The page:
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Resources - Primary


Tweeting with the Bard

The Shakespeare Birthplace Trust is hosting an online Twitter event on February 2. A panel of experts will field questions at #askshakespeare. To represent TES English at the event or view TES resources, go to

Science under the microscope

A two-part, six-day course on Developing the Role of the Primary Design and Technology Subject Leader will take place at the National Science Learning Centre in York, in February and May. Go to

Special needs in spotlight

Nasen, the association for special needs teachers, is holding a one-day conference on the government's Inclusion Development Programme. It will take place in Liverpool on February 4.


What is it

Shape and space are two important parts of the maths curriculum, encompassing skills that carry over into many other subject areas, such as design and technology, art, geography and ICT. This is a collection of resources divided into two sections, one for key stage 1 and the other for KS2.

How to use it

Resources for KS1 teachers include slides showing pictures of common shapes that can be used as an introduction to a shape hunt around the school (uploaded by jurkra), a worksheet for an outdoor shape hunt, where pupils can add photos of shapes they have found (Maxine Stokes), and a worksheet for naming and describing 3D shapes (Miss Mac).

KS1 activities include a set of eight basic shapes that can be made into a fan for easy reference (Gaob), an activity for pupils to explore packaging shapes and make their own box (Hamilton Trust) and a range of tasks to develop thinking skills that can also be used at KS2 (Chris Crispus).

The KS2 section contains a series of symmetry resources, including shape outlines that pupils can complete to show reflective symmetry (kbarker86) and worksheets where pupils can draw lines of symmetry on shapes and letters of the alphabet (peggy21). A booklet on Islamic art includes activities on repeating patterns (mrsblacknell) and a Connect 4 game for pupils to decide which shapes could make up the outline of monsters (collaborative).

TESiboard has also developed a number of interactive resources, such as a tool to rotate shapes, a game where pupils guide a rocket to its destination, and a game where pupils program a chameleon to catch flies.

Where to find it

Both parts of the collection can be found at


What is it

This collection provides visual support for pupils with special needs. It was developed by Bev Evans, a teacher who specialises in SEN ICT and a top contributor to TES Resources (bevevans22).

How to use it

The collection includes classroom signs in both standard PCS (picture communications symbols) and Widgit format, "wash your hands" strips to go above sinks, a set of reminder cards on class rules and Widgit symbols for visual timetables.

Two sets of sheets with objects and suggested outlines can be used to help pupils practise their scissor skills, sheets for practising following-the-lines have an increasing level of difficulty to improve pencil skills, while a printable finger-spelling alphabet can be used for display or as large-format flashcards. PowerPoint can be used to explain keyboard layout, with clear descriptions of different functions.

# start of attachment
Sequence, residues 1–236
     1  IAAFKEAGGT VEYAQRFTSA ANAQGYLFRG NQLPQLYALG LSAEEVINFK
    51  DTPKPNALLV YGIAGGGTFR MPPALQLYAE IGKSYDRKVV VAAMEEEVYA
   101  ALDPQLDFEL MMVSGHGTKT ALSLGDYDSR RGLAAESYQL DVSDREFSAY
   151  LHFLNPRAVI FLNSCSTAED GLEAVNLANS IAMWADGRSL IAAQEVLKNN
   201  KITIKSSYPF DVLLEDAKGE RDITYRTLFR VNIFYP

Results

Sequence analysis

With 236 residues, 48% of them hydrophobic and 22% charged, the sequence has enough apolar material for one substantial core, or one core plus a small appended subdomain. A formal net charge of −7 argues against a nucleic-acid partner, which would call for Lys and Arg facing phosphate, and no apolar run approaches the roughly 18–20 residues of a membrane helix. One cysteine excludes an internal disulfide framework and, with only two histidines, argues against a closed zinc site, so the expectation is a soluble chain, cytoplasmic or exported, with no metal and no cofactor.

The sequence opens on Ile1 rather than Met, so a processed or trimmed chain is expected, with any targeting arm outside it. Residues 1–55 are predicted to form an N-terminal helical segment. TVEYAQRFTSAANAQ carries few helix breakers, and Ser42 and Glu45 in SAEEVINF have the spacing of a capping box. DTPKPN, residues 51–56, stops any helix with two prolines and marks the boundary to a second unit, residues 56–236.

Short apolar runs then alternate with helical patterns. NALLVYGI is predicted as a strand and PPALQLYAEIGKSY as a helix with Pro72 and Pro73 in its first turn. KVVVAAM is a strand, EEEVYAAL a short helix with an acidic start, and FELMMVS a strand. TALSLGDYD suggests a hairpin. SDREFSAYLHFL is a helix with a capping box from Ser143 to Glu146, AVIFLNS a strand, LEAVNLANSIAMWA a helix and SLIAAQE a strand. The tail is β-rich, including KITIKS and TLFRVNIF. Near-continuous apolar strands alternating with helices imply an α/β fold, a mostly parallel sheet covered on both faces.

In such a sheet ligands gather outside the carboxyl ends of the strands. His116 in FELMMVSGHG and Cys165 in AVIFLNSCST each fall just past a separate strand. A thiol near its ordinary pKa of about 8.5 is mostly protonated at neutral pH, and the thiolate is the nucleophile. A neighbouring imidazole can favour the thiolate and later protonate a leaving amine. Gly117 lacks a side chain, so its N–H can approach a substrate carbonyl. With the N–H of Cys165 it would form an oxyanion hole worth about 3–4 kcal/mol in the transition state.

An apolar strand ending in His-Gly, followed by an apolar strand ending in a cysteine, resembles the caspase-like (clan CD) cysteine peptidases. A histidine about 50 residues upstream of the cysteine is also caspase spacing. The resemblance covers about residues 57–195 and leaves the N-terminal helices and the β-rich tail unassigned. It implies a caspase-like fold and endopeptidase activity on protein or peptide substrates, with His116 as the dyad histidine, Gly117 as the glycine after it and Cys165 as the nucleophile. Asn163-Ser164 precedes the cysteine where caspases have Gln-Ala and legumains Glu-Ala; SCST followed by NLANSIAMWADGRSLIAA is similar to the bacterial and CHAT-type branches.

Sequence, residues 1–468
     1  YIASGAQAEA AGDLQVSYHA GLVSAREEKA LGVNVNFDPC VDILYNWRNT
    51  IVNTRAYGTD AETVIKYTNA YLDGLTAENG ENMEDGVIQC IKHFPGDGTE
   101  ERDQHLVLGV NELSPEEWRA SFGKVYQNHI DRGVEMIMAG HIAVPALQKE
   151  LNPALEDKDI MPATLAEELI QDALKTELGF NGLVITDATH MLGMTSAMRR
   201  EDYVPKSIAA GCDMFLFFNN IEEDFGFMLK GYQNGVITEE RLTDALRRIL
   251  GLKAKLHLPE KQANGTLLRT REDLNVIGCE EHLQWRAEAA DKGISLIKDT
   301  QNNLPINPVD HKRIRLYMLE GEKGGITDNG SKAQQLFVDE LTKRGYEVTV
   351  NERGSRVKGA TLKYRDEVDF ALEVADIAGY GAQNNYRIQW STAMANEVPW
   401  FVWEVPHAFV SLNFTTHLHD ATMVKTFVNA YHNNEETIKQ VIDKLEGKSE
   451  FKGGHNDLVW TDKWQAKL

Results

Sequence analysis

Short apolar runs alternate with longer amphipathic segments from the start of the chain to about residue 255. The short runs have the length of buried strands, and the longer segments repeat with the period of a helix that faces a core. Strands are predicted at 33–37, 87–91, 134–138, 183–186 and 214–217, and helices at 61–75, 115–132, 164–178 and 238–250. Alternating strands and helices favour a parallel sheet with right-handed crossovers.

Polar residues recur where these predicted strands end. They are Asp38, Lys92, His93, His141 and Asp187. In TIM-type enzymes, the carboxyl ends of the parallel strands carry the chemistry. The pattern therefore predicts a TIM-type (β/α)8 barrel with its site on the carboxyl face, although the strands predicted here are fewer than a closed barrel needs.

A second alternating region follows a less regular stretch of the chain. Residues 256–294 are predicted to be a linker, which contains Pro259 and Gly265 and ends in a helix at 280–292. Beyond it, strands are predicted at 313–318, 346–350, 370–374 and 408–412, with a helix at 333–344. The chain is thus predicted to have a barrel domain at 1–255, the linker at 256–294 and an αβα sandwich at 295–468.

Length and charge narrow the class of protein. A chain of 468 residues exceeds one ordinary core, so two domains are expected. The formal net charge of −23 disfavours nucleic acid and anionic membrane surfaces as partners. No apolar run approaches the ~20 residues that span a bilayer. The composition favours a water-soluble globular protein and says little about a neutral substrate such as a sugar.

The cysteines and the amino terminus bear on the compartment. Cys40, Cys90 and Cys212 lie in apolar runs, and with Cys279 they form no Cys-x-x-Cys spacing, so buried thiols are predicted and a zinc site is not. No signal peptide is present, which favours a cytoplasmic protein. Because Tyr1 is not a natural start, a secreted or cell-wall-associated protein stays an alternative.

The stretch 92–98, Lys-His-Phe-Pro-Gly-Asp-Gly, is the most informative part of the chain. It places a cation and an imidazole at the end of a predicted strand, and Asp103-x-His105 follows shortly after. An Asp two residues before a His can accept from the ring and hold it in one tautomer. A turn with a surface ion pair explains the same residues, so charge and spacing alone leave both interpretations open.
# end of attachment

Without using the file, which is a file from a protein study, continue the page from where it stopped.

Photocards of events in a child's day can be used for discussions, sequencing or play, there is an interactive presentation on how everyone is different to support inclusion, and a speech and language game can be used to improve or assess listening skills.

Topic material includes story-writing cards (below), with suggestions for characters, settings, beginnings and endings, a presentation on body organs, healthy eating photocards, a PowerPoint on farm animals and pond-life identification cards.

Where to find it

The collection can be found at


What is it

This is a selection of the best recipes for baking and making in school.

How to use it

The Grain Chain, a website for five to 16-year-olds, has recipes appropriate for different age groups, with activities focused on growing, making and baking. Examples include quick pizzas, for five to seven-year-olds, and fruity muffins, for seven to 11-year-olds (uploaded by VCS). A simple bread recipe can be used for shared reading before the practical, and instructions for jam tarts are aimed at early years (both Rebecca_louise_691).

NEN has contributed a collection of recipes, while 22 videos feature step-by-step instructions alongside food facts, cooking tips and healthy eating information (royballam). There are also recipes for a pirate-themed party (GreatGrubClub) and biscuits (hellcorner) and recipes and evaluation sheets for making fruit smoothies (Schilder).

Harris School has uploaded recipes for scones, Cornish pasties and burgers. More exotic fare comes in the form of an African snack, using fruit and honey, with ideas for further activities (SendaCow), an Indian chutney (GreatGrubClub) and a tagine (Hamilton Trust).

The British Nutrition Foundation offers recipes with healthy eating information and lesson ideas, while a webpage allows pupils to create their own virtual kitchen, where they choose the chef, tools and ingredients before recording a presentation of their instructions (NEN).

Where to find it

The collection can be found at

All of these resources and more can be found at TES Resources, a collection of more than 50,000 lesson plans, activities, games, ideas and worksheets, covering all subjects from early years to post-16. To view resources, or to upload your own, go to

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